BERLIN — The German government on Friday raised its economic growth forecast for this year slightly to 1.8 percent but snipped next year’s outlook to 1.4 percent.

Vice Chancellor Sigmar Gabriel, who is also Germany’s economy minister, raised the 2016 forecast from the 1.7 percent the government forecast in April. The 2017 outlook was down from 1.5 percent, while Gabriel forecast that the economy will grow by 1.6 percent in 2018.

Gabriel said that a large number of public holidays weighs on next year’s outlook, but also noted that “the global economy still isn’t running smoothly.”

“On top of that come the effects of the Brexit decision, which in many areas are not yet foreseeable, but you can image that the uncertainty alone about how it will happen causes uncertainty regarding investment,” he said.

Germany’s economy, Europe’s biggest, is traditionally export-heavy though it has increasingly been driven by domestic demand in recent times. Britain, a significant trading partner, voted to leave the European Union in June but hasn’t yet initiated formal exit talks.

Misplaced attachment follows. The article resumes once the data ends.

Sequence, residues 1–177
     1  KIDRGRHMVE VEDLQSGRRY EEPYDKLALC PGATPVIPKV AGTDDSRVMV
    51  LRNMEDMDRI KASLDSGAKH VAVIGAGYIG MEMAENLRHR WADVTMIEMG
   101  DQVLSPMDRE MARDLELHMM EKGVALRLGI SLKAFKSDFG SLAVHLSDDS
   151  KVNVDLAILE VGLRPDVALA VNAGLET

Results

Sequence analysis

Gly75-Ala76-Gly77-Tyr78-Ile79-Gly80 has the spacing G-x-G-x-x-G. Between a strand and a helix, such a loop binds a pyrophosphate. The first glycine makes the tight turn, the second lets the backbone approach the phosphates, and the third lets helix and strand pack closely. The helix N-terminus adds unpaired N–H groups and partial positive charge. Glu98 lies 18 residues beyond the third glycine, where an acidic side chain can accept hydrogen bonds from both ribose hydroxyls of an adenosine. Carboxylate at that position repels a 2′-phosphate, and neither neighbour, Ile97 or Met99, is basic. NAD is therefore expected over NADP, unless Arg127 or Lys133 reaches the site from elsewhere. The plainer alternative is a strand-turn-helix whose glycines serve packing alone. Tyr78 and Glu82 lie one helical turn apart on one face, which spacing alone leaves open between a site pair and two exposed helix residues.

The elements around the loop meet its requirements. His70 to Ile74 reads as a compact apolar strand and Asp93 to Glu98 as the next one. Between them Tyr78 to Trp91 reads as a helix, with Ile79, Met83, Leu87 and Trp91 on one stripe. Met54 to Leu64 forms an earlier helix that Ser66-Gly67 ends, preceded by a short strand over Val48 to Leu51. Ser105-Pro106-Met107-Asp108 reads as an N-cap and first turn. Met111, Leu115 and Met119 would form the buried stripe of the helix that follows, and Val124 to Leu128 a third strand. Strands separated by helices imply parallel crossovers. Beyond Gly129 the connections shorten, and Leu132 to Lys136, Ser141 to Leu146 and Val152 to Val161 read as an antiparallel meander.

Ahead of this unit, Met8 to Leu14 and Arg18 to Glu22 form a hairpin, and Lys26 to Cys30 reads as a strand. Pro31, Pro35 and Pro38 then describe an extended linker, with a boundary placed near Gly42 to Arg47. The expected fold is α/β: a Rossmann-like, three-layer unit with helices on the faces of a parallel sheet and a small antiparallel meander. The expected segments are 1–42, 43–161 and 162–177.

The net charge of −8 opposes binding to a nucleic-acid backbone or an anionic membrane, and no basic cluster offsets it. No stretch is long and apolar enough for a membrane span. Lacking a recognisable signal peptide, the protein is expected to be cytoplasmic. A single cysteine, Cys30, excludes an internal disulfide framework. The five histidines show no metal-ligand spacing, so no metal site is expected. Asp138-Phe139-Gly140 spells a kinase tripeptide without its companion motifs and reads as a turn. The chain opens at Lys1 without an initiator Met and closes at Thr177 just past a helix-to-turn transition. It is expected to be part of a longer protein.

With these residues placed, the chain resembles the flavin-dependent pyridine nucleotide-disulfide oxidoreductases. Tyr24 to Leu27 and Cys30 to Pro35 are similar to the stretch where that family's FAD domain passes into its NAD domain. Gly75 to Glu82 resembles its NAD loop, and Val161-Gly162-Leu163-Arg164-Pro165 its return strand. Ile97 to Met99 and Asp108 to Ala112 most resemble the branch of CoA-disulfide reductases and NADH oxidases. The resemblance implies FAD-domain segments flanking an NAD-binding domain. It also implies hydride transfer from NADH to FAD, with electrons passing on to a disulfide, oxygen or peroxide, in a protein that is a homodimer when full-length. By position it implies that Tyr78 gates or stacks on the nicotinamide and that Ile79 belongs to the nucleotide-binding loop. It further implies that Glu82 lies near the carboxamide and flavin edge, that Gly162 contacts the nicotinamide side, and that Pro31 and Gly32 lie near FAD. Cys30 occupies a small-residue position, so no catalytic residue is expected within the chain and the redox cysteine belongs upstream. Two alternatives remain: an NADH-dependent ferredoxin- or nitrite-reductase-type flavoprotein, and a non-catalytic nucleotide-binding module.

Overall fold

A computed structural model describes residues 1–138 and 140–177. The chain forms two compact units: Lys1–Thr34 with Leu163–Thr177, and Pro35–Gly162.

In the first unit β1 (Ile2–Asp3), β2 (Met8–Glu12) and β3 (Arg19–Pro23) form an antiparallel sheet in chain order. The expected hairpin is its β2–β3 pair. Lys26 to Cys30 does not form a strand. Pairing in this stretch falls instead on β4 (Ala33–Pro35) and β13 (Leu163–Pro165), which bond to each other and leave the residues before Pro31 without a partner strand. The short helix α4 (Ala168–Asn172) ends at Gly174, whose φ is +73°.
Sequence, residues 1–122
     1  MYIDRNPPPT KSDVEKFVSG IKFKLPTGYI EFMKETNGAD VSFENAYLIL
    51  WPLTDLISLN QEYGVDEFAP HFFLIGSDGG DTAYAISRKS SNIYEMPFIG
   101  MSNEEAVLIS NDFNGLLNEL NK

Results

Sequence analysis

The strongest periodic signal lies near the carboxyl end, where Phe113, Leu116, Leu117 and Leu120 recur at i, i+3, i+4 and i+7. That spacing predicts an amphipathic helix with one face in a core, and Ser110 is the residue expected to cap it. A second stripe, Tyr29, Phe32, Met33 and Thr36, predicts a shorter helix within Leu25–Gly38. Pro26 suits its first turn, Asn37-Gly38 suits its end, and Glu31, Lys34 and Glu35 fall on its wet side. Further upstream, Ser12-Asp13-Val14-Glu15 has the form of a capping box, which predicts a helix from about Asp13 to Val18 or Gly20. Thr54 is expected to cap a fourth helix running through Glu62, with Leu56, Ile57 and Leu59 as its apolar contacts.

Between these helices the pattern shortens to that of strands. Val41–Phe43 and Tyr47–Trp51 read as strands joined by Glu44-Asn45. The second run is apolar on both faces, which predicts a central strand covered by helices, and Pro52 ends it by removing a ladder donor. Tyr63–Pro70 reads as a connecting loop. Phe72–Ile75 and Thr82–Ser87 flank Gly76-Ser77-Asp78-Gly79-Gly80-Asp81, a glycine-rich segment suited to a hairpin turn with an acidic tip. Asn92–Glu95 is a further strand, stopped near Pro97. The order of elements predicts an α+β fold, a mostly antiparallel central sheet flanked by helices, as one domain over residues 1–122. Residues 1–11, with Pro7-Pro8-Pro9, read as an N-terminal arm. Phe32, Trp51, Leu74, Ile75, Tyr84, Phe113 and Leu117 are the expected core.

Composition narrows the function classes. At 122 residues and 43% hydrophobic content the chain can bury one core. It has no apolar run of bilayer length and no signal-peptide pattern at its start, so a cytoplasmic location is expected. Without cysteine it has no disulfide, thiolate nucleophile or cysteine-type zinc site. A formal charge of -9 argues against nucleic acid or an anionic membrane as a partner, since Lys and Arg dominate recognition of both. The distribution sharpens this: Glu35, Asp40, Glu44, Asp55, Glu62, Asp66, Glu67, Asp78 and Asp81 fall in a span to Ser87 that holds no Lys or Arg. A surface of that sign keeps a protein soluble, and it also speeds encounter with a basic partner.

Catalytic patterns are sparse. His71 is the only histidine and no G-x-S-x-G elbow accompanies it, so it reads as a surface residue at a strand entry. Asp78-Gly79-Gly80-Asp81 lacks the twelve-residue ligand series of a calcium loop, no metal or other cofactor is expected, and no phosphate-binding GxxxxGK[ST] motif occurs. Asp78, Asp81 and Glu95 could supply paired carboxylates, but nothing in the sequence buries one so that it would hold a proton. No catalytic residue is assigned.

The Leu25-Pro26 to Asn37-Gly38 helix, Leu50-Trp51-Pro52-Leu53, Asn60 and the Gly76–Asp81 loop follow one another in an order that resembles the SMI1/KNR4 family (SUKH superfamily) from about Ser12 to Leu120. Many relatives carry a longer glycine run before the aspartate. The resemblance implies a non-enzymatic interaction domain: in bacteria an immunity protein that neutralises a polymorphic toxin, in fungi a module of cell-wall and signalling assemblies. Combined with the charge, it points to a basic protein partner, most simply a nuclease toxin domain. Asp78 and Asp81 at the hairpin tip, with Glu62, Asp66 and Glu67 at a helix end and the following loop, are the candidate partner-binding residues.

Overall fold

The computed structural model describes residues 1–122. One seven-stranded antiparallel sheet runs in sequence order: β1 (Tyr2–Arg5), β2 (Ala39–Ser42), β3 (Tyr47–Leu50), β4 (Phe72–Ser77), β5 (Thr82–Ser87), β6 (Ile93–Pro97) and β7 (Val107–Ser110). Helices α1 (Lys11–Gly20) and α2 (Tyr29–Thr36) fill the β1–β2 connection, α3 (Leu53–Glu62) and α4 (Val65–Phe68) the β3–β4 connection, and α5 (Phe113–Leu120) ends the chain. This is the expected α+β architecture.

“In the short term, the effects on the German economy appear to be limited. They are smaller than many expected, but there is no doubt that Brexit isn’t a good decision for Germany and Europe, and for Britain too,” Gabriel added. “It will have medium-term effects on economic relations.”

The minister pointed to “a fairly dangerous global trend toward more protectionism and nationalism.”

Recent German data have painted an encouraging picture. Earlier Friday, the Economy Ministry said that industrial production rose 2.5 percent in August over July — helping alleviate fears of a slowing economy in the third quarter. That followed a 1.5 percent drop the previous month.

Last year, the economy grew by 1.7 percent.